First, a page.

Femtosecond semiconductor lasers

Lead Research Organisation: University of Cambridge
Department Name: Physics


The aim of this proposal is to demonstrate for the first time a semiconductor laser emitting transform-limited optical pulses of less than 200 fs duration in a diffraction-limited beam. This achievement will open the way for the development of truly compact ultrafast optical systems. Our device is a surface-emitting laser, optically pumped using the cheap and rugged technology developed for diode-pumped solid state lasers, with perfect beam quality enforced by an extended cavity. It emits a periodic train of ultrashort pulses at a repetition rate of a few GHz using the optical Stark effect passive mode-locking technique introduced by the Southampton group. Recent proof-of-principle experiments have shown that these lasers can generate stable 260-fs pulse trains. We have shown, moreover, by modelling and by experiment, that the optical Stark mechanism can shorten pulses down to durations around 70 fs, comparable with the quantum well carrier-carrier scattering time. Our proposal is to build on these world-leading results with a systematic exploration of the physics of lasers operating in this regime. The key is to grow quantum well gain and saturable absorber mirror structures in which dispersion, filtering and the placing of the quantum wells under the laser mode are controlled to tight tolerances. We shall achieve this using molecular beam epitaxy to realise structure designs that are developed with the aid of rigorous numerical modelling of the optical Stark pulse-forming mechanism. We shall also use femtosecond pump and probe spectroscopy to determine the dynamical behaviour of our structures in this regime directly. For these pioneering studies, the compressively-strained InGaAs/GaAs quantum well system operating around 1 micron is most suitable; and this is where we shall work; however, the devices that we develop can in principle in future be realised in other material systems in different wavelength regions. We shall also make a first study of incorporating quantum dot gain and absorber material into optical Stark mode-locked lasers, aiming to exploit the intrinsically fast carrier dynamics of these structures. In summary, this proposal aims to shrink femtosecond technology from shoebox-size to credit-card size, and in the process explore a regime of ultrafast semiconductor dynamics that has never before now been exploited to produce light pulses.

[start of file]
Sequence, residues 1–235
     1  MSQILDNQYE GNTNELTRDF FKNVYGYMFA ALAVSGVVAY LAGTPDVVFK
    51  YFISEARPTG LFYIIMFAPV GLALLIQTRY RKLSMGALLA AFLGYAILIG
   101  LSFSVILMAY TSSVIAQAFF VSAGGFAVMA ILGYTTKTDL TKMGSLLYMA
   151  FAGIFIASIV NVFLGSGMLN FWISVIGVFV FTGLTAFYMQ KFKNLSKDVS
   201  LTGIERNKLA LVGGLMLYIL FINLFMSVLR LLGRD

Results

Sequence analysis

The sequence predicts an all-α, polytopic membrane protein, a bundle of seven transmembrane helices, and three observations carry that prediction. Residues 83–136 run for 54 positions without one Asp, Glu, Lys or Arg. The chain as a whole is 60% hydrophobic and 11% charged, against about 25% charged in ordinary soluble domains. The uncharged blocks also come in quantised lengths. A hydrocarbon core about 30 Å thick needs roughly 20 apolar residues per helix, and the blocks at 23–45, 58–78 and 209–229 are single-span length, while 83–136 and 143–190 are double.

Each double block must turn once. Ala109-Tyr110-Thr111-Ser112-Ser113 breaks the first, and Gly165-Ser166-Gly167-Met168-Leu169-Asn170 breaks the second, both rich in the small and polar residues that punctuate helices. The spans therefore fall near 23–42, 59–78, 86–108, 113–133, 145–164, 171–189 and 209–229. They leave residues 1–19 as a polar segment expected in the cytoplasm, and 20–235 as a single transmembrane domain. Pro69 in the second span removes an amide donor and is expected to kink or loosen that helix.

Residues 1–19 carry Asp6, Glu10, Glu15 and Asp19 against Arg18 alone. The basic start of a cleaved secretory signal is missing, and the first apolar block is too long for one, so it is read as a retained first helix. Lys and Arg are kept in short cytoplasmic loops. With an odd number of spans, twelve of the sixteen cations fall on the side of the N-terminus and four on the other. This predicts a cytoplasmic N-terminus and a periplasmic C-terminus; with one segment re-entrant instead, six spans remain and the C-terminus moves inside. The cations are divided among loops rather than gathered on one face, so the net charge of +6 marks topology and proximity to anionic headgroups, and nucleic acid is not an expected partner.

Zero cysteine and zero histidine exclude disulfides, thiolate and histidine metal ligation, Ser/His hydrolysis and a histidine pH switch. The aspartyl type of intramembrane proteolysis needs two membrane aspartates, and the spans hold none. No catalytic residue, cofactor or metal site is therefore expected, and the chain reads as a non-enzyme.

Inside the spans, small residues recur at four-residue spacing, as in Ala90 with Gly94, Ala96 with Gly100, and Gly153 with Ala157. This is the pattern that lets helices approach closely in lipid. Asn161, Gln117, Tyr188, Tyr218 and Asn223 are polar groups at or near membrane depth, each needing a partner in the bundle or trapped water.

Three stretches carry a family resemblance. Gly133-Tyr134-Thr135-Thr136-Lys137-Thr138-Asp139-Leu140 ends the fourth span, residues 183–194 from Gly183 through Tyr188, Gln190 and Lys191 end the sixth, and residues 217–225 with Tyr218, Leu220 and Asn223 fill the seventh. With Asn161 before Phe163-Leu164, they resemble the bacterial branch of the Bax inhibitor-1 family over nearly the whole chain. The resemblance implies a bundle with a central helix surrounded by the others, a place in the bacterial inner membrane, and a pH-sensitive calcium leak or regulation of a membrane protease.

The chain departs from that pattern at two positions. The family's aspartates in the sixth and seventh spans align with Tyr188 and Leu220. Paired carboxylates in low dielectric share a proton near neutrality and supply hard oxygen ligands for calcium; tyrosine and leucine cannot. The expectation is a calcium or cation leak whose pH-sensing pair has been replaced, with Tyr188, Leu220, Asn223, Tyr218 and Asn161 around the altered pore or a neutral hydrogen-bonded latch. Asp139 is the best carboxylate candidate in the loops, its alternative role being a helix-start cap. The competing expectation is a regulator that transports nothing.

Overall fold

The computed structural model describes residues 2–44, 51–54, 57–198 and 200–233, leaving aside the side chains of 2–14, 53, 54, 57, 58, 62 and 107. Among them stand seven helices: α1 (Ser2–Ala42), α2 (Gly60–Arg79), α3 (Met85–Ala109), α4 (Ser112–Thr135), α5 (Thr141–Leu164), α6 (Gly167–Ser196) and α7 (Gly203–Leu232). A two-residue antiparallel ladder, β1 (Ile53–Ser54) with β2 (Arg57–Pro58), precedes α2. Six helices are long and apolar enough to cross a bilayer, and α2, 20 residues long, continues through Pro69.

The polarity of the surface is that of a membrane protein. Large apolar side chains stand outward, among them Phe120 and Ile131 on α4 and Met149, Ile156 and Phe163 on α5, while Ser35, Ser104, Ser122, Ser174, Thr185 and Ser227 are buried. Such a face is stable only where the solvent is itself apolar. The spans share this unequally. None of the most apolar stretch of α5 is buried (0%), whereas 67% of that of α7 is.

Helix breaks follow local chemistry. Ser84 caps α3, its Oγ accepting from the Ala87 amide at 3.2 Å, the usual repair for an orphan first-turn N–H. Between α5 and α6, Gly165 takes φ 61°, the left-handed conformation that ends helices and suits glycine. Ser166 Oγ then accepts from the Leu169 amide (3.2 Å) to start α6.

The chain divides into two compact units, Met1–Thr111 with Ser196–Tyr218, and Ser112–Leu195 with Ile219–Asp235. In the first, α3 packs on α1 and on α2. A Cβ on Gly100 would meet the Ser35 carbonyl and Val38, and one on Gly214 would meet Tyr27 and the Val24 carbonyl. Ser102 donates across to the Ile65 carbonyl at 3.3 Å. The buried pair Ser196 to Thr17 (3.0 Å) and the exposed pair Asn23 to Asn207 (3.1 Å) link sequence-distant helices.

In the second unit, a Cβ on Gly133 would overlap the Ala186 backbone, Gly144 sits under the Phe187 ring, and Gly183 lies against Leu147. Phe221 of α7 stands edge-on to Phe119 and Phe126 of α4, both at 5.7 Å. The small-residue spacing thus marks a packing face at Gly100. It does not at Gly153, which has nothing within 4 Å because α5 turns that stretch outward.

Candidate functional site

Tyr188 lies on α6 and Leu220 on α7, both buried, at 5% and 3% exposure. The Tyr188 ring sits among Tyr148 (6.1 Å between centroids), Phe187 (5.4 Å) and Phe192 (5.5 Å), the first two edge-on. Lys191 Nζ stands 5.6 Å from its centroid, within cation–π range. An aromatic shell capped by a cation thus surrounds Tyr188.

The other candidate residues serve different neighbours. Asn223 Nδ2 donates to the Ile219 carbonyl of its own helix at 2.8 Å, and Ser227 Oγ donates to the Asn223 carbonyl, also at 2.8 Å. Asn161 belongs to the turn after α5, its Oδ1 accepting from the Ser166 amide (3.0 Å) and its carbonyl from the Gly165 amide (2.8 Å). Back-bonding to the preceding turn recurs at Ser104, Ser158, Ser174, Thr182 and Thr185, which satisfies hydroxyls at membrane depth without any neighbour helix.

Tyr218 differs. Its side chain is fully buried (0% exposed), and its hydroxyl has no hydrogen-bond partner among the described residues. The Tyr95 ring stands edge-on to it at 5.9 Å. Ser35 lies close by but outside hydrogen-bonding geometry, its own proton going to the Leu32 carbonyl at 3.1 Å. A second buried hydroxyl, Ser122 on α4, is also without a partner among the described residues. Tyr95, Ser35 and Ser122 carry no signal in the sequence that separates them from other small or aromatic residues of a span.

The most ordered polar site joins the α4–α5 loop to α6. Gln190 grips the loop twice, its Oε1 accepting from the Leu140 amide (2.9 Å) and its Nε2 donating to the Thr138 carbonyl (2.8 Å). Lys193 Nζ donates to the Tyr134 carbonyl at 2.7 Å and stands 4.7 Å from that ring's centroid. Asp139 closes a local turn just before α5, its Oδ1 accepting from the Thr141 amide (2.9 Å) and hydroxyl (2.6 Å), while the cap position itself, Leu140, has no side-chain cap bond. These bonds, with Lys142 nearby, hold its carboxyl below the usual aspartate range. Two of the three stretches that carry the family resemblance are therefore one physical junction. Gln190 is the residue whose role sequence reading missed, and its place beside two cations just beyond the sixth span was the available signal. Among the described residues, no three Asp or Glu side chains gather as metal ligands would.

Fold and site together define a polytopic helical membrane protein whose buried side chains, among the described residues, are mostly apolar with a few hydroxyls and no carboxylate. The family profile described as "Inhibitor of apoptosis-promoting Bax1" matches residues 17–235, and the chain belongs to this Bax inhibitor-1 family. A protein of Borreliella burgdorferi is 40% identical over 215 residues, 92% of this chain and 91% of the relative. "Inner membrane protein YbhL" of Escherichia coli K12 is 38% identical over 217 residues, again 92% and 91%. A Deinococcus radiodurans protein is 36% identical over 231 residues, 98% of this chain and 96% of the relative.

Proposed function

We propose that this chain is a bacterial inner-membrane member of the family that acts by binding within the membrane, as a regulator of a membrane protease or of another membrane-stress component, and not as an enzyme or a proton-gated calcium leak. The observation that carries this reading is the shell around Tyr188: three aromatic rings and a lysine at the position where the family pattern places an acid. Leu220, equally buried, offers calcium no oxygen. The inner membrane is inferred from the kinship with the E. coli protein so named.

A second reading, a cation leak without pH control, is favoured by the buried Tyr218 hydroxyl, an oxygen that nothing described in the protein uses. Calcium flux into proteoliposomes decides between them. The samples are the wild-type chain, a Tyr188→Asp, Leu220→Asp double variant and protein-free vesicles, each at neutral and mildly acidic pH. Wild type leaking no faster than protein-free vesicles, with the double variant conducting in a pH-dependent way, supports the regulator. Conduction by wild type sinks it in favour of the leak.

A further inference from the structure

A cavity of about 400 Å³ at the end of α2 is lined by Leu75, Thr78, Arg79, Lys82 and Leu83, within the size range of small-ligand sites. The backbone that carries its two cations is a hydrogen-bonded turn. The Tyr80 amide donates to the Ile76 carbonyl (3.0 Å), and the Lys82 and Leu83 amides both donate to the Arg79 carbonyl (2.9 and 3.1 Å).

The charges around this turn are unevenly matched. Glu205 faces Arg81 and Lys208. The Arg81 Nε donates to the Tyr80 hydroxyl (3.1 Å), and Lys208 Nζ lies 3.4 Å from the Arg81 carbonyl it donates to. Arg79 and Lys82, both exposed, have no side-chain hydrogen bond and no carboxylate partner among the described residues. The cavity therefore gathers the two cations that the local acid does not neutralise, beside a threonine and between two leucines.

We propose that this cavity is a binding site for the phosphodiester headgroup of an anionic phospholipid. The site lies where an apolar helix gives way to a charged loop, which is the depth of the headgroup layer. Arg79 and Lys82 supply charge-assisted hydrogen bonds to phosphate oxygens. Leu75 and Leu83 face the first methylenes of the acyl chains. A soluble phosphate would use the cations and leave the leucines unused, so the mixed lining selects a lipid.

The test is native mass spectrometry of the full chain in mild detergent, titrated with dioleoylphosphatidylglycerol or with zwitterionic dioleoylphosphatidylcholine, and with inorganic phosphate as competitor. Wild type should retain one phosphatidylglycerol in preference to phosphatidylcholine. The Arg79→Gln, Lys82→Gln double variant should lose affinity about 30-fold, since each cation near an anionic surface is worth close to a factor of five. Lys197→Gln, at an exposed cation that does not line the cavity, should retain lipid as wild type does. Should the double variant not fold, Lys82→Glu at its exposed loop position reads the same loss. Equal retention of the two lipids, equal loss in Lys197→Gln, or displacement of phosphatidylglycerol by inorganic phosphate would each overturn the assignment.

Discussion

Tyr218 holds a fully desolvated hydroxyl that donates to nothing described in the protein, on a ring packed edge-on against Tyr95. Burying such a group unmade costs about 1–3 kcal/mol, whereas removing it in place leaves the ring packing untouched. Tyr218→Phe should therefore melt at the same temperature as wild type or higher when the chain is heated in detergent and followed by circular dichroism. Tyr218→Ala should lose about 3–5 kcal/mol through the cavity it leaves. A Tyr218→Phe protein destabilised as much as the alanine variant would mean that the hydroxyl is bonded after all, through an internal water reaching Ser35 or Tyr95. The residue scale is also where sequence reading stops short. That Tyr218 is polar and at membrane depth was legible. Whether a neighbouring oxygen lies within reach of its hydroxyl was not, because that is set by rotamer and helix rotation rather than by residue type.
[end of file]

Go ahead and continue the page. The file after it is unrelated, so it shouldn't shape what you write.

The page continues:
Description They have stimulated considerable further academic research. These results will be of interest to laser manufacturers
Sector Digital/Communication/Information Technologies (including Software)
Description Physics at work 
Form Of Engagement Activity A talk or presentation
Part Of Official Scheme? No
Geographic Reach Regional
Primary Audience Schools
Results and Impact Physics at work takes place every year at the Cavendish Laboratory. A total of 2000 school students visit to listern to talks and demonstrations. My research group gives around 20 presentations to 25 students each year about semiconductor physics.

Heightened interest in science and particular physics amongst local school students. Physics undergraduates are currently at record numbers in Cambridge.
Year(s) Of Engagement Activity Pre-2006,2006,2007,2008,
URL http://www-outreach.phy.cam.ac.uk/physics_at_work/